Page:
The voucher debate has kept educational issues prominent in my brain for quite some time now. Before spending so much time thinking about these issues it was easy to recognize the image of hypocrisy in those who stump for public education and keep their kids outside the public education system.
A far greater percentage of public school teachers around the country — especially in urban areas such as New York, Chicago, Los Angeles and Washington, D.C. — send their own kids to private schools than does the general public. . .
These people stump for public schooling, opposing systems of school choice. And yet, they choose to opt out of the system they allegedly shore up . . . from competition.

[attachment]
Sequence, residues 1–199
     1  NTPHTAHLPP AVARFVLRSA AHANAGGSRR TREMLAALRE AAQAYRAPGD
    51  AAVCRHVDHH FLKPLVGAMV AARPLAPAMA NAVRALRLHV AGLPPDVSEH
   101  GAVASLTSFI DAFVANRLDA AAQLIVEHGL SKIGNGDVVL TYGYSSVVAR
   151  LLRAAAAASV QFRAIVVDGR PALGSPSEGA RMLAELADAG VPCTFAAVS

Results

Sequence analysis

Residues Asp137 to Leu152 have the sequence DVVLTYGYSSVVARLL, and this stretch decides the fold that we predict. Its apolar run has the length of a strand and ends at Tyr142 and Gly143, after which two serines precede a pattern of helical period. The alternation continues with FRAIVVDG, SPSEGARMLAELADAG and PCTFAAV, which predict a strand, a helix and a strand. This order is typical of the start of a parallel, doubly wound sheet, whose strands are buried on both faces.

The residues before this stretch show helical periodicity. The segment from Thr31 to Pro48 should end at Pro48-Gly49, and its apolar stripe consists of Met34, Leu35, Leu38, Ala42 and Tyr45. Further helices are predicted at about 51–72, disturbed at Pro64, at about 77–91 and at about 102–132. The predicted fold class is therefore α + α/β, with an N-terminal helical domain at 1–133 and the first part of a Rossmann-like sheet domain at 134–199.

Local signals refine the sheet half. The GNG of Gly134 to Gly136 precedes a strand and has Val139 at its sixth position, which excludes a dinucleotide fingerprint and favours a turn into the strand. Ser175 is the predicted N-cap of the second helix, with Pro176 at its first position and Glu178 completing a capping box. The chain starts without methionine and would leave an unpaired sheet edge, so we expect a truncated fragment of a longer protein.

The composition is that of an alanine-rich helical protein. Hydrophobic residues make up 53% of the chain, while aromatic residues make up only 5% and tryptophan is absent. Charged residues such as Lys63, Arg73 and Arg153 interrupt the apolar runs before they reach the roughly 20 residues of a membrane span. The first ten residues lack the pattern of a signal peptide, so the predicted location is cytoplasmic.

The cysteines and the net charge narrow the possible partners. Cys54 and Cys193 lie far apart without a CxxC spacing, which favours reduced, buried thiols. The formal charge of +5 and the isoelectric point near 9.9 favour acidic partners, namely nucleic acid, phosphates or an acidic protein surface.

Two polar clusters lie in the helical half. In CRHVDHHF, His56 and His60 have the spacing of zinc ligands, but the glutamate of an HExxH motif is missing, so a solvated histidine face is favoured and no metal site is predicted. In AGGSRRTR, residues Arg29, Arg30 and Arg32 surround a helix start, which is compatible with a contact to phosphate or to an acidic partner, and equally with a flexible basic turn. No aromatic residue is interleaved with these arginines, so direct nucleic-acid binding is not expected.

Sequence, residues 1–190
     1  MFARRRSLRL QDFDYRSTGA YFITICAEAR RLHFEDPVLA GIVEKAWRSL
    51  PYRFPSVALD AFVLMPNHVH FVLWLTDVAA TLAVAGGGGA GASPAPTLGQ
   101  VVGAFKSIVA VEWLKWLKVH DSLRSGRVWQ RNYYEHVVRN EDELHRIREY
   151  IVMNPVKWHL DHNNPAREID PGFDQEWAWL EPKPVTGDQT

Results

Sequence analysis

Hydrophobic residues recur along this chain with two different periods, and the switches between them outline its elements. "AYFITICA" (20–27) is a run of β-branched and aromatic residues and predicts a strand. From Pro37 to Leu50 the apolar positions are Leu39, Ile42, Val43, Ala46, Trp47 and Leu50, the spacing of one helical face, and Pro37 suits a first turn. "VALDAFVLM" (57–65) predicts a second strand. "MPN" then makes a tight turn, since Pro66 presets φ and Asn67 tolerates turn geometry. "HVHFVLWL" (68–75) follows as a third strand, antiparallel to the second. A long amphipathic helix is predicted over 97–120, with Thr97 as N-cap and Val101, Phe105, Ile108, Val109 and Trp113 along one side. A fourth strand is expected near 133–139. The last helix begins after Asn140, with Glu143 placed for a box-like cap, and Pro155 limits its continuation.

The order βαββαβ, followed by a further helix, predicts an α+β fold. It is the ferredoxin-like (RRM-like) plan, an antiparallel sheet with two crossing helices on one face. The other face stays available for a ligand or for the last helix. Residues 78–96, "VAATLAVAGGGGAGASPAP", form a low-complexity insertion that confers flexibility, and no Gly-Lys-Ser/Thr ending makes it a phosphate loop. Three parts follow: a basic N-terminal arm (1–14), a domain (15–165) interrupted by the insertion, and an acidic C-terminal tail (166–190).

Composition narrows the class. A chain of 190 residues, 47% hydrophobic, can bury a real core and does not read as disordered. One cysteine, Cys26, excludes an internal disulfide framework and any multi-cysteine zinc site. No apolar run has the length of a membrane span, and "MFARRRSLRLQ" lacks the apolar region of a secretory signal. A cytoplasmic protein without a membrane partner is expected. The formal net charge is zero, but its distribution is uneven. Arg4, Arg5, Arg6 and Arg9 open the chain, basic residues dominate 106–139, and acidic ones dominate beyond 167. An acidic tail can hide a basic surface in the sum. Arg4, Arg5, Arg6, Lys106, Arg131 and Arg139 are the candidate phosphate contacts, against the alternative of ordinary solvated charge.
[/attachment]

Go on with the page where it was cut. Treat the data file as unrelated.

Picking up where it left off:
What I find amusing now is that I have publicly declared my position to be the very opposite of those featured in the article above. I favor the very legislation that they oppose as a means to achieve the very thing they advocate (better public schools). While favoring the voucher laws I have also declared that I intend to do what I can to encourage parents not to abandon the public school system and to make the vouchers unnecessary for most parents by improving the schools. I’m sure this is not as interesting to read as it was when the thought struck me that I may be as much a hypocrite in my position as they are in theirs.